Thus, we hypothesized that: (H1) decreasing the stiffness of isotropic bone in a mandible without sutures would result in an increase in the magnitude of maximum and minimum principal strain with little change in the orientation of maximum principal strain or the direction of nodal displacement; (H2) decreasing the stiffness of orthotropic bone in a mandible without sutures would also result in an increase in the magnitude of maximum and minimum principal strain, but in association with a greater impact on the orientation of maximum principal strain and the direction of nodal displacement compared with the isotropic condition; and (H3) decreasing the stiffness of sutures in a mandible with isotropic bones would result in either no changes or decreases in the magnitude of maximum and minimum principal strain in the bones, along with greater variation in the orientation of maximum principal strain and direction of nodal displacement compared with the isotropic condition.

Materials and methods

  1. Top of page
  2. Abstract
  3. Introduction
  4. Materials and methods
  5. Results
  6. Discussion
  7. Conclusion
  8. References

Construction of the FEM

The skull of an adult Alligator mississippiensis with a basal skull length of 16 cm was scanned using a GE Lightspeed 16 CT scanner at 100 kV and 70 mA, with a slice thickness of 0.31 mm and a resolution of 0.254 mm per pixel. The scan was processed and segmented in Amira (v5.2.2, Visage Imaging, Berlin, Germany, http://www.visageimaging.com). Segmented structures included all mandibular bones, sutures, periodontium and teeth. The segmented model was imported into Strand7 (v2.4.1, Strand7, Sydney, Australia, http://www.strand7.com) and meshed, resulting in 641 085 elements representing the mandible and 360 399 elements representing the cranium. Elements were constructed as linear tetrahedrons, consisting of four nodes at the apices of the tetrahedra. A global coordinate system was defined in the segmented model and imported into Strand7 (Fig. 1).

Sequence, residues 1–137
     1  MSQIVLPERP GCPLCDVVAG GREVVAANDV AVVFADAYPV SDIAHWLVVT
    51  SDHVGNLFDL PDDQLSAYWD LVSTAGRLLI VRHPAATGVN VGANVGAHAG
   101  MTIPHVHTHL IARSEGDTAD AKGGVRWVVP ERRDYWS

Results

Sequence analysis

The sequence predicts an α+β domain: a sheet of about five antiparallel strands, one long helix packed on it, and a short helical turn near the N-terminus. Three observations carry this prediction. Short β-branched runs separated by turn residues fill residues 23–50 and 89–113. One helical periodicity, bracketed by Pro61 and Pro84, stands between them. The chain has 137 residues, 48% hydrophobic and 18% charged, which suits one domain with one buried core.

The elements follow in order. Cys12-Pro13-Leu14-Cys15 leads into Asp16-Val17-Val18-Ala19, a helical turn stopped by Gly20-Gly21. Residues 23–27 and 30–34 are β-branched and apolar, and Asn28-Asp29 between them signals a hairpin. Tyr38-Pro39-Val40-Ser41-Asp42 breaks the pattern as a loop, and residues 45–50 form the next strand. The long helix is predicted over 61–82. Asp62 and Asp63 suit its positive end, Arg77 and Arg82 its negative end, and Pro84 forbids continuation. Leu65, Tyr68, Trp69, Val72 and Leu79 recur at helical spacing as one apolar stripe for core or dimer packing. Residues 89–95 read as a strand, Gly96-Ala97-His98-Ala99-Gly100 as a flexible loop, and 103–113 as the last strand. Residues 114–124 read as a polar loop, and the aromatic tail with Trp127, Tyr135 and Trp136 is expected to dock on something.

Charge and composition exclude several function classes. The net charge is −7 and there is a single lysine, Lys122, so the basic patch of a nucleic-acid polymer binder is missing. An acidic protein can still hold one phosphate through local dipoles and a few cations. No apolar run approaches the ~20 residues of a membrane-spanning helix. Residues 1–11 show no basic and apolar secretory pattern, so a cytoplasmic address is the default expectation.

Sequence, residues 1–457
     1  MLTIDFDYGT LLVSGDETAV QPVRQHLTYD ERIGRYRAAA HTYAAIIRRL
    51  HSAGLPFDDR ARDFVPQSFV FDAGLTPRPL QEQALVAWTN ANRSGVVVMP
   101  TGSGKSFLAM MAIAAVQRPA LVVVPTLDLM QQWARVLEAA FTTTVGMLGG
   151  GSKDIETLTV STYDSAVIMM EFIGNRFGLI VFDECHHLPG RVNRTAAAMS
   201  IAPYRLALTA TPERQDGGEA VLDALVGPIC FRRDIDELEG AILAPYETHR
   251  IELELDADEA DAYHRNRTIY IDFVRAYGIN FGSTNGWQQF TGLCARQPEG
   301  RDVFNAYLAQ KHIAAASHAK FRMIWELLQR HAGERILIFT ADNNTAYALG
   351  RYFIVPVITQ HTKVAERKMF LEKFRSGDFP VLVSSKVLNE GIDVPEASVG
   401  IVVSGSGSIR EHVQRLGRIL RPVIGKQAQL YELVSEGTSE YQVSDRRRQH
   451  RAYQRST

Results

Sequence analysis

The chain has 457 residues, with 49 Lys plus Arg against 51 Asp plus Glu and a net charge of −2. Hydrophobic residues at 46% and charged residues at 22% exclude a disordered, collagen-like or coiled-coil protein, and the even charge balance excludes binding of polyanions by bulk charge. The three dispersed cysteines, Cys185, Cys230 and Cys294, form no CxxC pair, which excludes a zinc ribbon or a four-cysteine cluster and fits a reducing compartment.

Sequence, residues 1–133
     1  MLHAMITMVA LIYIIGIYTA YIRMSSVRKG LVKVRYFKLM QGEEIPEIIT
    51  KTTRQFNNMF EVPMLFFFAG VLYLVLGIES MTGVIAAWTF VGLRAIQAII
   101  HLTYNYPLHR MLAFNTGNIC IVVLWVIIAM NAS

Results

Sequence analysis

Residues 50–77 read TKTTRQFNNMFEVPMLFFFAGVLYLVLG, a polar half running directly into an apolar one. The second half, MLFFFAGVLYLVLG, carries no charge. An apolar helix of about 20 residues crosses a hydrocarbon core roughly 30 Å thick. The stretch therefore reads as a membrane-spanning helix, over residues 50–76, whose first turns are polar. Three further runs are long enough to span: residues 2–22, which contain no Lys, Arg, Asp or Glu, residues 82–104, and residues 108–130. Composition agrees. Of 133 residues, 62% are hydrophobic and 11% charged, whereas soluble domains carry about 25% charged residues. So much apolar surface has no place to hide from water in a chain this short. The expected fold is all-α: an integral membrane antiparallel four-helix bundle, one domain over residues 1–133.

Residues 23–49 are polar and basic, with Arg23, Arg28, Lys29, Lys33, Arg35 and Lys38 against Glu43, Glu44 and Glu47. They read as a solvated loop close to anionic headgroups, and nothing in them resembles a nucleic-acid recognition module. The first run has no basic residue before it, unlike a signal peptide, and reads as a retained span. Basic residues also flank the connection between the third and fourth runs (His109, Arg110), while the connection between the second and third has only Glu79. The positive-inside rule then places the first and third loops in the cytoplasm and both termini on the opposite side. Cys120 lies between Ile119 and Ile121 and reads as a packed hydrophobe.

image

Figure 1.  The global coordinate system of the FEM: x- and y-axes define the coronal plane; the y- and z-axes define the sagittal plane; and the z- and x-axes define the transverse plane. Positive x is to the animal’s left, positive y is dorsal, and positive z is rostral.

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The model was loaded using force estimates derived from muscle architecture. Muscle origins and insertions were mapped onto the meshed FEM from dissected specimens of similar skull length, and largely follow Holliday & Witmer (2007) and Holliday (2009). Muscle fiber lengths and pinnation angles from up to six fibers were calculated and averaged within each muscle. Normalized fiber length was calculated correcting for sarcomere contraction using an optimum sarcomere length of 2.5 μm (Anapol & Barry, 1996). Reduced physiological cross-sectional area (RPCA) was then calculated using the equation:

  • image

where Mmuscle is muscle weight, θ is pinnation angle, Lf is normalized fiber length, and 1.0564 is the specific gravity of the muscle (Murphy & Beardsley, 1974). Maximum possible force production (Fp max) was calculated using the equation:

Fp max = RPCA × 30 N cm−2